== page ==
Madison left the White House and retired to his Virginia plantation, Montpelier, where he spent his remaining years supervising his large plantation holdings and slaves. Being a gentleman planter scarcely utilized all his energies, however, and the sixty-eight-year-old former President exercised his quill, a pen made from a feather, and gave his voice to several causes. High on his list of activities was Jefferson's University of Virginia, which Jefferson founded after leaving office. Madison served on its Board of Visitors and succeeded Jefferson as rector, or head, of the university in 1826.

Three years later, Madison served as a delegate at the Virginia Constitutional Convention, negotiating once again, as he had done in youth, compromises between large slaveholders and western farmers. In the great constitutional debate over the high protective tariff passed in 1828, Madison denounced the doctrine of nullification, the right of states to declare federal laws unconstitutional when they undermined state interests. Additionally, Madison was a founding member of the American Colonization Society, which favored a gradual abolition of slavery and the resettlement of slaves and free blacks in Africa.

Death took the aging President quietly at his breakfast on June 28, 1836, after having been confined to his room for chronic rheumatism and severe attacks from liver dysfunction for six months. His family and much of the nation had hoped that the eighty-five-year-old Madison would live to July 4, so as to join Jefferson and Adams in the list of former Presidents who had died on that historic date. More than 100 slaves, family friends, and relatives attended his burial the next day at the family cemetery at Montpelier.

The mild-mannered James Madison had no children of his own, and his wife's son, John Payne Todd, age eighteen in 1808, spent as much time away from the Madison household at school as he did at home. The President enjoyed few leisure hobbies other than playing chess and devouring classical literature in the original Greek and Latin. He did take an occasional horseback ride, and he enjoyed walking in the woods observing nature. But principally, family life at the White House consisted of little private time with Dolley or John. Rather, James Madison, following the inclinations of his wife, socialized, partied, danced, and dined grandly in what appears to have been one continuous entertainment saga. By the end of Madison's second term, moreover, the young John Todd had proven himself to be a rather witless playboy, given to alcohol, low-class women, and free spending, much to the dismay of both the President and the First Lady.

In 1810, the most populous state in the Union was Virginia, with 975,000 people, followed by New York (959,000), Pennsylvania (810,000), and North Carolina (556,000). The newest state, Ohio, which was admitted to the Union in 1803, held 231,000 people, nearly reaching the population of New Jersey (246,000). In addition to the seventeen states, five western areas had been designated as territories: Michigan (5,000), Illinois (12,000), Louisiana-Missouri (20,000), Indiana (25,000), and Mississippi (31,000). Two other regions, Alabama (9,000) and Arkansas (1,000), also had significant populations. Almost all of these new western lands supported Madison and strongly supported the War of 1812.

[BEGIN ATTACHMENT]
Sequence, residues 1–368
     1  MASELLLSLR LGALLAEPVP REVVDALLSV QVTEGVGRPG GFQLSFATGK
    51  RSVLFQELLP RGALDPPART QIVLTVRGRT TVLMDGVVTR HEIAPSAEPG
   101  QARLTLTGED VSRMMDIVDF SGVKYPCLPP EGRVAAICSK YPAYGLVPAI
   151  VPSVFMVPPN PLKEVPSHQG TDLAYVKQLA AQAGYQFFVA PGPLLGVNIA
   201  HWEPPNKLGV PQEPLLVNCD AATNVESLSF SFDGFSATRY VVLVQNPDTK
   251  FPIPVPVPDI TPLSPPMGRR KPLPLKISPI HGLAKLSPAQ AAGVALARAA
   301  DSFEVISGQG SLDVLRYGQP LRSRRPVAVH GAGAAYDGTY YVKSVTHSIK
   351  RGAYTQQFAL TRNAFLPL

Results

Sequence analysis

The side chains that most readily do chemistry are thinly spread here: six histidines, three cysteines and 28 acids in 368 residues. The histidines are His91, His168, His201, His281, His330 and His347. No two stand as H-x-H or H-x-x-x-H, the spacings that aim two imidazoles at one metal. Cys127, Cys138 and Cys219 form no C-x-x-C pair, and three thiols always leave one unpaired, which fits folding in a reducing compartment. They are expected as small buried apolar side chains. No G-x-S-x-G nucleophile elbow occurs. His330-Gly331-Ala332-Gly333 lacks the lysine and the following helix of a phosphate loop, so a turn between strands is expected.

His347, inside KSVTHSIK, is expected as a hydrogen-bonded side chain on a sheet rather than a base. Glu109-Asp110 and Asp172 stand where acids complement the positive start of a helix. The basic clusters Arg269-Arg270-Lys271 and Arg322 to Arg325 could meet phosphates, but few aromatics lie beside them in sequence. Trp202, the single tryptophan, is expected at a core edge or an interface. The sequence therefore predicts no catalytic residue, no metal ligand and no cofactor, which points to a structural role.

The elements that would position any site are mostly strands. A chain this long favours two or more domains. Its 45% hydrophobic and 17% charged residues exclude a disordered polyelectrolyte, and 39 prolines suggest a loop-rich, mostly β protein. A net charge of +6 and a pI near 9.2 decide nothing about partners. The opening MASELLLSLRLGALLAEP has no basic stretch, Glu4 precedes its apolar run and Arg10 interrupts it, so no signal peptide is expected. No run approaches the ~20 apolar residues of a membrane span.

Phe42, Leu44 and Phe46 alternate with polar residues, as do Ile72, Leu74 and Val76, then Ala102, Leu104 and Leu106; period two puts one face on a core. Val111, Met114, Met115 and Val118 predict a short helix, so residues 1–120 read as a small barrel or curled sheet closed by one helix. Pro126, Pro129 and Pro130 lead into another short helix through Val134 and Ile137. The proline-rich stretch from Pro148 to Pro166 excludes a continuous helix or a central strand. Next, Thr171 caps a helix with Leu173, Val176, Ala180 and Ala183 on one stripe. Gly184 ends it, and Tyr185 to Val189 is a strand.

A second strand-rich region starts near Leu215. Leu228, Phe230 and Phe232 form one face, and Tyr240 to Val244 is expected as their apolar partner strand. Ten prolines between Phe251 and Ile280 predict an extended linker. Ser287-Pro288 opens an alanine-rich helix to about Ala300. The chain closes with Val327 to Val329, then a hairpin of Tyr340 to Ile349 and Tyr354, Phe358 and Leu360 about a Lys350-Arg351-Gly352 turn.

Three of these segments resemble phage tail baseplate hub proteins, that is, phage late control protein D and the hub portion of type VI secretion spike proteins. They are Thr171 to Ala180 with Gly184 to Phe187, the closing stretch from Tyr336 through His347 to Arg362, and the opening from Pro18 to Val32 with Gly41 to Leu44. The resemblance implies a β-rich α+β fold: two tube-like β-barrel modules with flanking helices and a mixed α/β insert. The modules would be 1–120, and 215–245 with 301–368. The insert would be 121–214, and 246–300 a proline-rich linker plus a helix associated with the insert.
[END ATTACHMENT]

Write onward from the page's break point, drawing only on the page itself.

Emergence of the New West

Despite the fact that these western territories held only about 2.5 percent of the nation's total population in 1810, they were destined to yield great political influence: their populations had great potential for growth while the territories themselves could be divided into numerous states. Understandably, over the next generation, this potential western vote captured political attention and dominated the national agenda. A whole new breed of politicians emerged in these years, men dedicated to representing the "new West" by supporting cheap and even free land (Homestead legislation), internal improvements, and Indian removal. In his State of the Union address in 1815, Madison proposed support for Henry Clay's American System, which embraced policies designed to tie the East to the West in a national market. These policies included a national bank, protective tariffs, and a national system of roads. Ironically, all three of these items had first been proposed by Hamilton and opposed by the Democratic-Republicans in the 1790s.

Decline of Federalist Power

During the Madison presidency, the Democratic-Republicans dominated Congress. In the four congressional terms, the Federalists never held more than 31 percent of the membership of the House of Representatives and the Senate. By the end of Madison's term of office, the Federalist Party had lost its status as a national political organization. Even Abigail Adams, the wife of Federalist President John Adams, declared her support for Madison in 1812.

Unifying the Country: Heroes and Transportation

Although most Americans still farmed and the poor condition of roads continued to isolate them from one another, a new bond of unity linked much of the nation together in the Madison years. For all the opposition of the New England region to the War of 1812, almost all other Americans looked with pride upon the exploits of Generals William Henry Harrison and Andrew Jackson. When Commodore Oliver Perry defeated the British squadron on the Great Lakes, a new seam in the national fabric was stitched into place.